Gunicorn application server should now be up and running configure Nginx to pass web requests to that socket.creating a new server block configuration file in Nginx’s site-available  directory – example

#install nginx package using Following Command:

root@root:~# apt-get install nginx

root@root:~# nano /etc/nginx/site-available/example

Open Server Block file and Listening On Port 80.use this block for requests for our server’s domain name. location block that matches every request. proxy_params file that specifies some general proxying parameters. pass the requests to the socket we defined using the proxy_pass

server {

listen 80;


location / {

include proxy_params;

proxy_pass https://unix:/tmp/example.sock;



Save and close the file

enable the Nginx server block configuration.Create link to sites-enabled directory

root@root:~# ln -s /etc/nginx/site-available/example /etc/nginx/site-enabled

you can test for syntax errors – using Following command

root@root:~# nginx -t

root@root:/etc/nginx/sites-available# nginx -t

nginx: the configuration file /etc/nginx/nginx.conf syntax is ok

nginx: configuration file /etc/nginx/nginx.conf test is successful


There is no syntax Error showing.Then restart nginx process using following command

root@root:/etc#sudo systemctl restart nginx

We don’t need access through port 5000. Now we are removing that rule using following command

root@root:/etc#sudo ufw delete allow 5000

root@root:/etc#sudo ufw allow ‘Nginx Full’

now be able to navigate to your server’s domain name in your web browser.should see your application’s output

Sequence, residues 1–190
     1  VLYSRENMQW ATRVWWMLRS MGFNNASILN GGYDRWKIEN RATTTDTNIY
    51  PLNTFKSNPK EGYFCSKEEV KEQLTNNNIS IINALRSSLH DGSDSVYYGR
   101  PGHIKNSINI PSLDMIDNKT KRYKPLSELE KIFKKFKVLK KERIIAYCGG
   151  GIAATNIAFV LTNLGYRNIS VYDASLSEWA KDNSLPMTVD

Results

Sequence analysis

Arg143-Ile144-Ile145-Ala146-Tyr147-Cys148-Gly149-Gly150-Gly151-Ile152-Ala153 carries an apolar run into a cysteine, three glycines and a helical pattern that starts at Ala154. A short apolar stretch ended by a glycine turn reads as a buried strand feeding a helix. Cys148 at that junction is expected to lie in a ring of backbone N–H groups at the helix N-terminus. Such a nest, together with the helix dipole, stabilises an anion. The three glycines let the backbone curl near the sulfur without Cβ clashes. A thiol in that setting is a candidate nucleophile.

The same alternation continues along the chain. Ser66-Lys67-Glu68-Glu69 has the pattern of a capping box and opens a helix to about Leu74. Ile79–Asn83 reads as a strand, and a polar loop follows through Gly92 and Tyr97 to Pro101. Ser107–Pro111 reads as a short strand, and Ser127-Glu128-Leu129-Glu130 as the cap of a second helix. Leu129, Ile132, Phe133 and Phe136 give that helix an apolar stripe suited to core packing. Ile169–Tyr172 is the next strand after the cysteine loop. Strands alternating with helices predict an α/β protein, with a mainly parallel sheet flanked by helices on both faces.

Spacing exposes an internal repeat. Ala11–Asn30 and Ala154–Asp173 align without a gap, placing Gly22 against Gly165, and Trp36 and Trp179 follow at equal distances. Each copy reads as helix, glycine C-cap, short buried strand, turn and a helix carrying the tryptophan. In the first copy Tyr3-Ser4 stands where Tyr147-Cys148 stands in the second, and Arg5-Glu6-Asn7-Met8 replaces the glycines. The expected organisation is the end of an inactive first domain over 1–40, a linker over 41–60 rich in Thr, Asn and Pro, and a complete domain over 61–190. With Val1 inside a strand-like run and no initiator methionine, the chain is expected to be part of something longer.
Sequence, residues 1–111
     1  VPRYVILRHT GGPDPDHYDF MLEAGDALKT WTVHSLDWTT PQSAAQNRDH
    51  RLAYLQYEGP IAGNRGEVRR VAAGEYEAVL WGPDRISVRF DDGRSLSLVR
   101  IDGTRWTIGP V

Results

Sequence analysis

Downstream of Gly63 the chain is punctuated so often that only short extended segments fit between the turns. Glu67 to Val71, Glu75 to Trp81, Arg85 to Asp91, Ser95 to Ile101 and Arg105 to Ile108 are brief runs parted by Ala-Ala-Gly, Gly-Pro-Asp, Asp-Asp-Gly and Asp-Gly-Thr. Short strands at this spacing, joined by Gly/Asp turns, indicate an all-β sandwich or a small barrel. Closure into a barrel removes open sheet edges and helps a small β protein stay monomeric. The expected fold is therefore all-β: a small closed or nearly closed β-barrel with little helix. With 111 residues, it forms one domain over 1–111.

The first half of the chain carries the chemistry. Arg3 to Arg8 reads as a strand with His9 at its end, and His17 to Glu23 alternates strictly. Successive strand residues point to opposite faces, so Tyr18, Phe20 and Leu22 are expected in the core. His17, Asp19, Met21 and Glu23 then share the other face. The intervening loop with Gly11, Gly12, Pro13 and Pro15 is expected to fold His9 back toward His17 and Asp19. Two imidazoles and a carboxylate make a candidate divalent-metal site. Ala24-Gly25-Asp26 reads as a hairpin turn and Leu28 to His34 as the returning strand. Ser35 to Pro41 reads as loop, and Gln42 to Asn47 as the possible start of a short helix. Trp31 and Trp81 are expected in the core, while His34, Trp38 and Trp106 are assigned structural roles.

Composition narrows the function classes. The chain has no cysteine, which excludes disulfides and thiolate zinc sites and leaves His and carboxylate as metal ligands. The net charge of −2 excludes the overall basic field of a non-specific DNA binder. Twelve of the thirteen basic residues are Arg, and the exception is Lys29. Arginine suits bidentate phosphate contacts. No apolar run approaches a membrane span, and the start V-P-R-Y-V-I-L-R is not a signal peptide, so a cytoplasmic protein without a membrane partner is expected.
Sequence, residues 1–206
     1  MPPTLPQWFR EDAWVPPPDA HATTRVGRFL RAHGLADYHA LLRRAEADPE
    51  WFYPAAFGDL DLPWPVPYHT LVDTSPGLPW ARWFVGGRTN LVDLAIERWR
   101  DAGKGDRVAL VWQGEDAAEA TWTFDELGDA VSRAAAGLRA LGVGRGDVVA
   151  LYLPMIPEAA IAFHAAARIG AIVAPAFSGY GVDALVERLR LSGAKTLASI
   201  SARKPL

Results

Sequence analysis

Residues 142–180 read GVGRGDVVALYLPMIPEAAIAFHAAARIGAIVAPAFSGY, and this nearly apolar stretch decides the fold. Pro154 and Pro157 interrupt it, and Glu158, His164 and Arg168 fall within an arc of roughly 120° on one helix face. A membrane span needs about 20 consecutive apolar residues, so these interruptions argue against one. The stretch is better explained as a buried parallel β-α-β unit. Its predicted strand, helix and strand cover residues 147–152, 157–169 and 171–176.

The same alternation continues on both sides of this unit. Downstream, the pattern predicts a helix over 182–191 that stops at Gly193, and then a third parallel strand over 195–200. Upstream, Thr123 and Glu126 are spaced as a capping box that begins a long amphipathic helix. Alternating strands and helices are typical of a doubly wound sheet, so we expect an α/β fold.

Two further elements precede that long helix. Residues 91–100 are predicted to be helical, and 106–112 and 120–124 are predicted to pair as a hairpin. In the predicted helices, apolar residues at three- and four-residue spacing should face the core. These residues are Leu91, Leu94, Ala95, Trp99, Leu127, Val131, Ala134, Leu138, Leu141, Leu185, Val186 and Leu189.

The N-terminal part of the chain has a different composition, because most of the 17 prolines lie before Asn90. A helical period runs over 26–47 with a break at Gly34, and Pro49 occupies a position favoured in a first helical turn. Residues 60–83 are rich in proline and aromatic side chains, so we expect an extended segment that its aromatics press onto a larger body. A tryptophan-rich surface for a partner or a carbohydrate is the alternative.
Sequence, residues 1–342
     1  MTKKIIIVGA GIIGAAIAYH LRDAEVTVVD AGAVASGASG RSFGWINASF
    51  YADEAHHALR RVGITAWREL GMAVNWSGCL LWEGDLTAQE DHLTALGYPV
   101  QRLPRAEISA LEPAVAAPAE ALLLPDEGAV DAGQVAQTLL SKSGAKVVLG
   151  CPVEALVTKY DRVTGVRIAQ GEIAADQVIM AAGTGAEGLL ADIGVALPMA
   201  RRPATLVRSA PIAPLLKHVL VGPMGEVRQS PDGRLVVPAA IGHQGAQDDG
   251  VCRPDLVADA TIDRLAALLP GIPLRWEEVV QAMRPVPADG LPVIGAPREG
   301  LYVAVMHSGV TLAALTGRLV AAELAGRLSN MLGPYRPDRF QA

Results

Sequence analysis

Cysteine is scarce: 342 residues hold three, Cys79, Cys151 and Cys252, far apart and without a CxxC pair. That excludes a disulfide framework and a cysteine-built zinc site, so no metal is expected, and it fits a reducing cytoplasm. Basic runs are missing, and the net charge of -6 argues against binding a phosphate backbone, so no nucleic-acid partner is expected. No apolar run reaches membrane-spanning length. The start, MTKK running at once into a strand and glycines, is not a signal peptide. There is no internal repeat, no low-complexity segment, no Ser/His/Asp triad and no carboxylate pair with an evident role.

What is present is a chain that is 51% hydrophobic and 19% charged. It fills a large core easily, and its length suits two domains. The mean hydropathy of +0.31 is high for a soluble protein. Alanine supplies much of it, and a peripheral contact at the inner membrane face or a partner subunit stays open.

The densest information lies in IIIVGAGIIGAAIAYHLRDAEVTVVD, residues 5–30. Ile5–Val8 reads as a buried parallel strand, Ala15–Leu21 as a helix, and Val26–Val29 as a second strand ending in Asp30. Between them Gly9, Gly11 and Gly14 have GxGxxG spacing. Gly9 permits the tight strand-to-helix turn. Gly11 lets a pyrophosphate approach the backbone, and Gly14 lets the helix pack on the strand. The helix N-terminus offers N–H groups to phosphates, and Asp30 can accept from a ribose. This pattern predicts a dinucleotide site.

Step 6 – Securing the Application

let’s get an SSL certificate for your domain. Secure The Application using Let’s Encrypt Certificate Using.

Install Certbot’s Nginx package using apt Package

root@root:/etc/nginx/sites-available# sudo apt install python3-certbot-nginx

Certbot provides a variety of ways to obtain SSL certificates through plugins. To use the plugin using following command.

Certbot with the –nginx plugin, using -d to specify the Domain name

If you run this command First Time it  will be prompted to enter an email address and agree to the terms of service. Certbot will communicate with the Let’s Encrypt server

root@root:~# sudo certbot –nginx -d

Saving debug log to /var/log/letsencrypt/letsencrypt.log

Plugins selected: Authenticator nginx, Installer nginx

Obtaining a new certificate

Performing the following challenges:

https-01 challenge for

Waiting for verification…

Cleaning up challenges

Deploying Certificate to VirtualHost /etc/nginx/sites-enabled/example

Please choose whether or not to redirect HTTP traffic to HTTPS, removing HTTP access.


1: No redirect – Make no further changes to the webserver configuration.

2: Redirect – Make all requests redirect to secure HTTPS access. Choose this for

new sites, or if you’re confident your site works on HTTPS. You can undo this

change by editing your web server’s configuration.


Select the appropriate number [1-2] then [enter] (press ‘c’ to cancel): 2

Redirecting all traffic on port 80 to ssl in /etc/nginx/sites-enabled/example

Congratulations! You have successfully enabled

You should test your configuration at:


– Congratulations! Your certificate and chain have been saved at:


Your key file has been saved at:


Your cert will expire on 2021-05-30. To obtain a new or tweaked

version of this certificate in the future, simply run certbot again

with the “certonly” option. To non-interactively renew *all* of

your certificates, run “certbot renew”

– If you like Certbot, please consider supporting our work by:

Donating to ISRG / Let’s Encrypt:

Donating to EFF:

verify the configuration, navigate to your domain, using https://